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Colorectal Dis. 2007 Jan;9(1):28-37.

Influence of caseload and surgical speciality on outcome following surgery for colorectal cancer: a review of evidence. Part 1: short-term outcome.

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1
Department of Surgery P, Aarhus University Hospital, Aarhus, Denmark. lene.h.iversen@dadlnet.dk

Abstract

OBJECTIVE:

An association between caseload and outcome has been reported for complex surgical procedures. We systematically reviewed recent literature to determine whether caseload and surgical speciality are associated with short-term outcome following colorectal cancer surgery.

METHOD:

We searched the MEDLINE and Cochrane Library databases for relevant publications starting in 1992. We selected hospital caseload and type, and surgeon's caseload, education and experience as variables of interest. Measures of outcome were postoperative morbidity, in-hospital and 30-day mortality, and for rectal cancer anastomotic leak. We stratified the 35 reviewed studies by tumor location: colonic cancer, rectal cancer, or colorectal cancer and described the studies individually. A meta-analysis was performed only when it was considered appropriate.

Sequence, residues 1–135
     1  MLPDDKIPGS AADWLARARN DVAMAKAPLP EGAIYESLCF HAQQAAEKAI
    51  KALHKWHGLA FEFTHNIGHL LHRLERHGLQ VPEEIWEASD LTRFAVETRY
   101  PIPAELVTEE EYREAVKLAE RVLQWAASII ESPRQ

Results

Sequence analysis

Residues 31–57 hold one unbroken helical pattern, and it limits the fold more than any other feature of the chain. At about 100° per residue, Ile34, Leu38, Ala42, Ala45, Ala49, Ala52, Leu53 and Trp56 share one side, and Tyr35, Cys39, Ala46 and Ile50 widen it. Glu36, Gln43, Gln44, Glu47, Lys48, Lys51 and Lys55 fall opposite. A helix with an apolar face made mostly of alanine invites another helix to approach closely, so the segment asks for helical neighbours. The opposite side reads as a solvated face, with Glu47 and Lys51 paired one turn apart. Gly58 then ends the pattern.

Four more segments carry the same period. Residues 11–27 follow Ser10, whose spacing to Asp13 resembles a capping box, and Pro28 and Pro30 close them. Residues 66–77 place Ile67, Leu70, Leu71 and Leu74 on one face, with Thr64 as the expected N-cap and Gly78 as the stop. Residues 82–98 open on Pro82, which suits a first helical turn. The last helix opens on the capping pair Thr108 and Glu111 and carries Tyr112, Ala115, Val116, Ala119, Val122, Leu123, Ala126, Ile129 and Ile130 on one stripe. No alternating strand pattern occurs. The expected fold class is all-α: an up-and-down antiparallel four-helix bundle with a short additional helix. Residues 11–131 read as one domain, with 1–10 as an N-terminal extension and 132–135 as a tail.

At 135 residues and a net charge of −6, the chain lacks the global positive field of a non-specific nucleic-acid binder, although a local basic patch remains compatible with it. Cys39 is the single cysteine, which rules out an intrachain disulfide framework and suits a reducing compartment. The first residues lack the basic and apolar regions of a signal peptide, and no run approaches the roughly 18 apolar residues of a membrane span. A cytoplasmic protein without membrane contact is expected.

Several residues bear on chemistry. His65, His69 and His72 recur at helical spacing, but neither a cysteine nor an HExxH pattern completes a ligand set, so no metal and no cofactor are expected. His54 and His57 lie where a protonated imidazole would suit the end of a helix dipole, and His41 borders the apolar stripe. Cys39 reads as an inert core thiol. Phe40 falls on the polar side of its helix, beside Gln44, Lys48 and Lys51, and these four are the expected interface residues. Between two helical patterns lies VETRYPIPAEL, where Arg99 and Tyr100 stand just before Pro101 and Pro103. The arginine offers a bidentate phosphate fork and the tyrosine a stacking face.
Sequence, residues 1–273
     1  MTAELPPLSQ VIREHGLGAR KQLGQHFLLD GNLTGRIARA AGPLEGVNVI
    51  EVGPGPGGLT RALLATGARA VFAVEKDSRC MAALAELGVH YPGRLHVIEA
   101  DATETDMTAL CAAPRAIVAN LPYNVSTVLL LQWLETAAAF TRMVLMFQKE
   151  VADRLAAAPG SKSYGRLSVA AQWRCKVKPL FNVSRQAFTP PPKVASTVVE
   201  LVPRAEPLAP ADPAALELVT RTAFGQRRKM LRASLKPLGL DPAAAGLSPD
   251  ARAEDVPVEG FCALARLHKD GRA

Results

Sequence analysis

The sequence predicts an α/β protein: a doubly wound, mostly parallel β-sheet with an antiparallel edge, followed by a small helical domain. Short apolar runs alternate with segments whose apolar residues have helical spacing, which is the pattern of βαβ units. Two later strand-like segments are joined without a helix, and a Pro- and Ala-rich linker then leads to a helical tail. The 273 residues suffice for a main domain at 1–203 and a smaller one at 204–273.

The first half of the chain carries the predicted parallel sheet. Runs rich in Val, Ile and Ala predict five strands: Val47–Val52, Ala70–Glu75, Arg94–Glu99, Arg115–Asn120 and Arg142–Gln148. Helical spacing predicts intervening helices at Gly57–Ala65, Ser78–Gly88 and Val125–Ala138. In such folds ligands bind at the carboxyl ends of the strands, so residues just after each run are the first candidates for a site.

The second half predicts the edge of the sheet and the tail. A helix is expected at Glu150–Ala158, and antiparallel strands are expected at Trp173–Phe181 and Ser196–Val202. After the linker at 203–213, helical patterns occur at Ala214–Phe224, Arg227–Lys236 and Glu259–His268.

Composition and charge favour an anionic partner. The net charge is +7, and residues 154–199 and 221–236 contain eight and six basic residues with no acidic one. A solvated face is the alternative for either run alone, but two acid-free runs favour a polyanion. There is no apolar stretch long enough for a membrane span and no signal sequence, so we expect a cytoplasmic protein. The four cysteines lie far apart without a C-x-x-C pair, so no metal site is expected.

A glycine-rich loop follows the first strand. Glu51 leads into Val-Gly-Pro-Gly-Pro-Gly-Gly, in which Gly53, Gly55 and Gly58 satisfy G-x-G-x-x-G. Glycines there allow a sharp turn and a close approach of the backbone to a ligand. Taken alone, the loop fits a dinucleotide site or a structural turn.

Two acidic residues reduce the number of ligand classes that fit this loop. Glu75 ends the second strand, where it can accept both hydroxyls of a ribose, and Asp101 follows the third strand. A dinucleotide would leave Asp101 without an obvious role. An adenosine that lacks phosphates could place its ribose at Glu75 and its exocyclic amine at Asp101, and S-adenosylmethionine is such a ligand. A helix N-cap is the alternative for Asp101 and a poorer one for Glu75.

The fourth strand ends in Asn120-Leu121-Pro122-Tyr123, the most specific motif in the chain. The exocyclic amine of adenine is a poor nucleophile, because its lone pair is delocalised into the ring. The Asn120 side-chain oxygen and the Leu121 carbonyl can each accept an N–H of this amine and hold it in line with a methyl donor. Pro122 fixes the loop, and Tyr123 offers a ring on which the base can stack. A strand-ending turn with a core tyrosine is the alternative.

RESULTS:

For colonic cancer, postoperative morbidity was associated with surgeon's caseload and education. Postoperative mortality was strongly associated with hospital caseload (OR 0.64, 95% CI 0.55-0.73), and surgeon's caseload (OR 0.50, 95% CI 0.39-0.64). It was also influenced by surgeon's education and experience. For rectal cancer, we found no evidence of an association between the selected variables and short-term outcome, including frequency of anastomotic leak. For colorectal cancer, there was evidence for an association between postoperative morbidity and hospital caseload.

CONCLUSION:

Our review offers evidence for a positive association between high hospital caseload, surgeon's caseload, sub-speciality and experience and improved short-term outcome in colonic cancer surgery. We failed to find evidence of a relationship for rectal cancer surgery, possibly owing to methodological artifacts. No study reported an inverse relation.

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